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WEB POSTED 05-28-2002



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Former President Carter refutes Bush Administration's claim of Cuban bioterrorism
The Independent (UK)



Carter's trip to Cuba reignites embargo debate

by Eric Ture Muhammad
Staff Writer

WASHINGTON (—Former President Jimmy Carter became the first U.S. head of state in nearly 75 years to visit the Caribbean island nation of Cuba.  His nine-member delegation traveled at the invitation of Cuban President Fidel Castro and to the faint praise of a Bush administration.

From May 12-19, Mr. Carter, representing the Carter Center, a nonprofit, non-governmental agency that he co-founded with his wife Rosalynn in 1982, toured neighborhoods, schools, medical and psychiatric centers, AIDS/HIV sanatoriums and agricultural centers. He also met with government officials, religious groups and held two notable meetings with Cuban dissidents.

The events that gleaned the most criticism, however, occurred after Mr. Carter’s visit to Cuba’s Biotech Institute (Centro de Ingenieria y Biotecnologia) and his unprecedented, uncensored Spanish-spoken address to the Cuban people via national radio and television.

Mr. Carter told the Cuban people that their government should adopt democratic principles such as freedom of assembly and the press and improve their human rights record. The United States, he declared, should improve U.S.-Cuba relations by removing travel restrictions, opening trade ties and repealing the 43-year-old U.S. embargo.

The Biotech facility has been the center of controversy since the May 6 accusation by State Department official John Bolton, who labeled Cuba a “limited” producer of biological weapons technology and an exponent of world terrorism during a speech before the conservative Heritage Foundation. Mr. Carter questioned the timing of the allegations and said neither the White House, State Department nor intelligence officials mentioned the allegations to him during meetings before he left the United States.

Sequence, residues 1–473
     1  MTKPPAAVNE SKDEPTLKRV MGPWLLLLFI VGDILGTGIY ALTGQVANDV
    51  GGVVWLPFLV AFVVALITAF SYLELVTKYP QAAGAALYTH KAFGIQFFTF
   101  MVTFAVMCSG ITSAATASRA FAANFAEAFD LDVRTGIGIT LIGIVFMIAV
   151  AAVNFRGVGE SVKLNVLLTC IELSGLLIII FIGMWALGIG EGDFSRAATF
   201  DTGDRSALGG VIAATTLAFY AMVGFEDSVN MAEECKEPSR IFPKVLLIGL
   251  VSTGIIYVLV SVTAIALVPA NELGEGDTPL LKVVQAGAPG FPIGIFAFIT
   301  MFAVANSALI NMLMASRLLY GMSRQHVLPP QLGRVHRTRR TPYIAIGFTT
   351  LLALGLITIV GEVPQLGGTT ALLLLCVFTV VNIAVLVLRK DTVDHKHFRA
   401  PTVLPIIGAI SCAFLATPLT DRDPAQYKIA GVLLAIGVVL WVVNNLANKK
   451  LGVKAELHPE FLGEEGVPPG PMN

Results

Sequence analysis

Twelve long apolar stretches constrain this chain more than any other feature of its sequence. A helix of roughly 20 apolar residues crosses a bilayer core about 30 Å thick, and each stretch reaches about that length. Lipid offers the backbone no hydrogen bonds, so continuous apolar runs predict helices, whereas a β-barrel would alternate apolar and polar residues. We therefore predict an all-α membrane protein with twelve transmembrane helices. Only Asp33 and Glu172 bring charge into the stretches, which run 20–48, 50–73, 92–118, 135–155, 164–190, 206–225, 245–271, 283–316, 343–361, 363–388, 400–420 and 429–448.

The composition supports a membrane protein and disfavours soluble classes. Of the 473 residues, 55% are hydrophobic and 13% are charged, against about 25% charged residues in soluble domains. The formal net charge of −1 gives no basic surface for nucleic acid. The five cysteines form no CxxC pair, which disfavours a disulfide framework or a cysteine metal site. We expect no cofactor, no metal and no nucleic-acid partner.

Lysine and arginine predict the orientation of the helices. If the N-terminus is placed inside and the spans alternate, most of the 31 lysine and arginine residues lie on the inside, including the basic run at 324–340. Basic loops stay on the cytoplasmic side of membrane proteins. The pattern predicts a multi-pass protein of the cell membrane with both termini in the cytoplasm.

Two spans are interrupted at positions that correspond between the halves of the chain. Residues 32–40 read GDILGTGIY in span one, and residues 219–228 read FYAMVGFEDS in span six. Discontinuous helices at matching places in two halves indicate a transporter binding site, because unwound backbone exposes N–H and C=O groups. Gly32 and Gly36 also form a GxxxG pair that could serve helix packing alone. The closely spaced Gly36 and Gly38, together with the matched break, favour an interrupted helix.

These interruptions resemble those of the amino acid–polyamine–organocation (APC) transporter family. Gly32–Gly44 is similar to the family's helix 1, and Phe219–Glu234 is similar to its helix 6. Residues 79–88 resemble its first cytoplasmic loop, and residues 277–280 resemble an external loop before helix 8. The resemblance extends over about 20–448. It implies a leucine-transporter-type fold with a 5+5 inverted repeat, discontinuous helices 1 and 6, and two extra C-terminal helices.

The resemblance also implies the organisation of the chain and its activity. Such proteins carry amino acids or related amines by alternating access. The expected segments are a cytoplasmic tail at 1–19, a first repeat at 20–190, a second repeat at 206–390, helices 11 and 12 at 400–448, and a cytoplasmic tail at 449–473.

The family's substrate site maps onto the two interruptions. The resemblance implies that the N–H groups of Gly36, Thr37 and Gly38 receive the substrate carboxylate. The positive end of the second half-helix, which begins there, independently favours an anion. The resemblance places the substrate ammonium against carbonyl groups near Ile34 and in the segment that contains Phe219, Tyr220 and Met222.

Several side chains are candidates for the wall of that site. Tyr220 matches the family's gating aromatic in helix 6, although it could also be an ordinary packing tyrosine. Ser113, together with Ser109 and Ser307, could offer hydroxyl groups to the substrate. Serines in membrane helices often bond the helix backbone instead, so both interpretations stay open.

Approximately six months earlier while addressing the Convention on Biological Weapons conference in Geneva, Mr. Bolton made no mention of Cuba as a source of concern to the United States as potential biological weapons producers.

“These allegations were made, maybe not coincidentally, just before our visit to Cuba,” Mr. Carter told President Castro and Cuba’s leading scientists during his visit to the Biotech facility. “I asked them specifically on more than one occasion if there was any evidence that Cuba has been involved in sharing any information to any other country on Earth that could be used for terrorist purposes. The answer from our experts on intelligence was ‘no’,” he said.

Mr. Castro vehemently denied the allegations of terror links and biotech capabilities, calling them lies of “Olympic-size” proportions.

 “The idea of destroying Cuba, an obsession that has lasted more than 43 years, has led and still leads U.S. policy down a tortuous path filled with lies, mistakes, failures and crimes,” Pres. Castro, 76, fired back in a public address after his government challenged the U.S. government to provide evidence of their allegations.